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A selection from:
Men,Women, and Prostate Cancer
Page 15

A case in point is that of U.S. Senate Majority Leader Bob Dole, who, after having his prostate cancer surgically removed in 1992, has campaigned so vigorously for prostate cancer awareness that he's become, in his own words, ''the prostate pinup boy.'' In relying on the primary woman in his life to deal with his cancer crisis. Dole was luckier than most men in one respect: He's married to the then head of the American Red Cross. So when he turned to his wife, Elizabeth Dole, for help, something he admitted to a People magazine reporter that he does ''instinctively'' anytime he's feeling ''stunned, pressured, or plain old sick,'' she could immediately call personal contacts in top medical centers around the country for advice.

Not all wives have such connections. As Dole has come to realize through his frequent talks in public forums, prostate cancer is an illness that ''strikes couples and families, not simply individuals'' and ''people are just hungry for information.''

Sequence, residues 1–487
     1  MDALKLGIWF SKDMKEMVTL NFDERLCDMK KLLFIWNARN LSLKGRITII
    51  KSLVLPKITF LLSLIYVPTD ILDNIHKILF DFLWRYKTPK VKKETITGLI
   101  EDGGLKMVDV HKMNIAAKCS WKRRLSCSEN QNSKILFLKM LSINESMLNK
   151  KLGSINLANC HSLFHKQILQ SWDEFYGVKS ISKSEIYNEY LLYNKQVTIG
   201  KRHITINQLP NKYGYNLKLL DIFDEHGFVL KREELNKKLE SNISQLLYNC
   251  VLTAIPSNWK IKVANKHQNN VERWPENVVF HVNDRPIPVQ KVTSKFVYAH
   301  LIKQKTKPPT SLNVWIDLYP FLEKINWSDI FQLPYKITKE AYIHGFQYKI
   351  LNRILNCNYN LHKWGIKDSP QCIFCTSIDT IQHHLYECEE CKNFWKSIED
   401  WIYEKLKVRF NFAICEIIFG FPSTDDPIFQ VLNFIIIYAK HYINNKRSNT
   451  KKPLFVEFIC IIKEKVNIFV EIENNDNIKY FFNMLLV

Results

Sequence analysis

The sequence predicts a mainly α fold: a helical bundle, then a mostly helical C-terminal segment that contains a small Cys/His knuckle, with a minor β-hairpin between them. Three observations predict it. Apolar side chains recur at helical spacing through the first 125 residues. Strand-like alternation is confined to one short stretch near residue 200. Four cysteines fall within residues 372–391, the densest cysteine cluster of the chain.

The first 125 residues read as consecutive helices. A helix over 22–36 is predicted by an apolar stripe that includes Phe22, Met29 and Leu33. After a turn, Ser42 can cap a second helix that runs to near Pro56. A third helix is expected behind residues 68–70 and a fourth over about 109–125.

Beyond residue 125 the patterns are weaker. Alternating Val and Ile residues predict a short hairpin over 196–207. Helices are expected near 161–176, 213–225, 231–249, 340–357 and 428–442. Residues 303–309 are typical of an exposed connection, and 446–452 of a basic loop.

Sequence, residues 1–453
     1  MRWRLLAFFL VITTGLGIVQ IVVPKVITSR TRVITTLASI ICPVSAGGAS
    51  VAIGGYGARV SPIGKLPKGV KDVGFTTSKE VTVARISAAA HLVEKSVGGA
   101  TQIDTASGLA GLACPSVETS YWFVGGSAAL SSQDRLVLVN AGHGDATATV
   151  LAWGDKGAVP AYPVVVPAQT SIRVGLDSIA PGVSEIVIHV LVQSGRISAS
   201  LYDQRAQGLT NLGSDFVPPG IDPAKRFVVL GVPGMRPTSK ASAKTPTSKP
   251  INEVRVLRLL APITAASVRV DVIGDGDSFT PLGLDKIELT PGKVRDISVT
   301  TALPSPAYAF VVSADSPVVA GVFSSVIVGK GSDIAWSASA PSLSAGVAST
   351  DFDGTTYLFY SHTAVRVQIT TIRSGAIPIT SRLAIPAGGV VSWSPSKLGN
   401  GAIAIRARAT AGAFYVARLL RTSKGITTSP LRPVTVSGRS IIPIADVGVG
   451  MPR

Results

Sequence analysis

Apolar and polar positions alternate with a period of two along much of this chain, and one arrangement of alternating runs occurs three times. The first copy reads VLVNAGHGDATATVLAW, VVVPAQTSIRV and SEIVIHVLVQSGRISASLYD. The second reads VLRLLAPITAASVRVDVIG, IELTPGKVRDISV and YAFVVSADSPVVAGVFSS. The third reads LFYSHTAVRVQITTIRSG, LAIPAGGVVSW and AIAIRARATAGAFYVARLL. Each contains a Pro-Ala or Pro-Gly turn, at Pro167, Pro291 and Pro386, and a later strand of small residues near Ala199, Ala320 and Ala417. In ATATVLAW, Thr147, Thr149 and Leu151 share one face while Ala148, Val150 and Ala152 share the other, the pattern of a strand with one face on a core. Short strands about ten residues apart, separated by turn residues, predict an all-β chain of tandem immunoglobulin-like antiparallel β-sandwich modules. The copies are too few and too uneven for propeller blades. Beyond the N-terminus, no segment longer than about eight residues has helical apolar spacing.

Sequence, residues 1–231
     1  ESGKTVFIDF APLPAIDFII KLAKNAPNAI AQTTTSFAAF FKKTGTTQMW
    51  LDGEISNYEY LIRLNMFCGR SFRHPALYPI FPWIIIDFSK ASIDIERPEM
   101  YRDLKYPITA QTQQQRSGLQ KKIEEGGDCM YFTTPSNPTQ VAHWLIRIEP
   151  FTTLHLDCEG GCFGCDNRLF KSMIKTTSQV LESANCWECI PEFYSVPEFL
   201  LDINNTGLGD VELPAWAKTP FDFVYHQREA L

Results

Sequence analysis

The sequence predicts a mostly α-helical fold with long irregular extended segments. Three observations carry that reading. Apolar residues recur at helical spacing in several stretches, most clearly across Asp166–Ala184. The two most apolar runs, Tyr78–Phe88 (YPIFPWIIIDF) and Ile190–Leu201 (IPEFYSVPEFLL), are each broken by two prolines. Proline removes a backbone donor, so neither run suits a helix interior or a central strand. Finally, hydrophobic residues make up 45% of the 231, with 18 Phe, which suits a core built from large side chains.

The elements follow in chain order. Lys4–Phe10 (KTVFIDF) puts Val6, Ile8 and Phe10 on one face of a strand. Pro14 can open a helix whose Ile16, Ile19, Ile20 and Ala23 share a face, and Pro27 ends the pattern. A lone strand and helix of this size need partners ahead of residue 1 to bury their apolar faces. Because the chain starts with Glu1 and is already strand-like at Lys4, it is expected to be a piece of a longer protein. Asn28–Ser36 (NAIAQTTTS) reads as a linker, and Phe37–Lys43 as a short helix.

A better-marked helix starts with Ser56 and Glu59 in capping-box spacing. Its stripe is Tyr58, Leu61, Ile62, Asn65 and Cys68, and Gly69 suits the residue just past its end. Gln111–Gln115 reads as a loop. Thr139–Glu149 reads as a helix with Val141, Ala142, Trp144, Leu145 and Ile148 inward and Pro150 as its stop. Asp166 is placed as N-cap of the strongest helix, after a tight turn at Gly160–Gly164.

In effect. Dole did for prostate cancer what former First Lady Betty Ford did almost two decades ago for breast cancer: brought it to the forefront of national attention and instilled among American men and women a desire for more and better materials on what to do about it. In the wake of Dole, other well-known men have also stepped forward to confirm the key role played by the women in their lives in dealing with their illness, and to plead for better patient-caregiver education. Among these men have been Len Dawson, Hall of Fame quarterback and television sportscaster, who admits that he would not even have had the checkup that discovered his cancer except for his wife's insistence; Jerry Lewis, comedian; Don Ameche, actor; Linus Pauling, scientist and two-time Nobel-prize winner; Frank Zappa, rock musician; Joseph Papp, theatrical producer; Robert Perm Warren, writer and the nation's first poet laureate; Roone Arledge, president of ABC news; John Paul Stevens, U.S. Supreme Court Justice; Jim Berry, nationally syndicated cartoonist; and Steven Ross, chairman of Time Warner.


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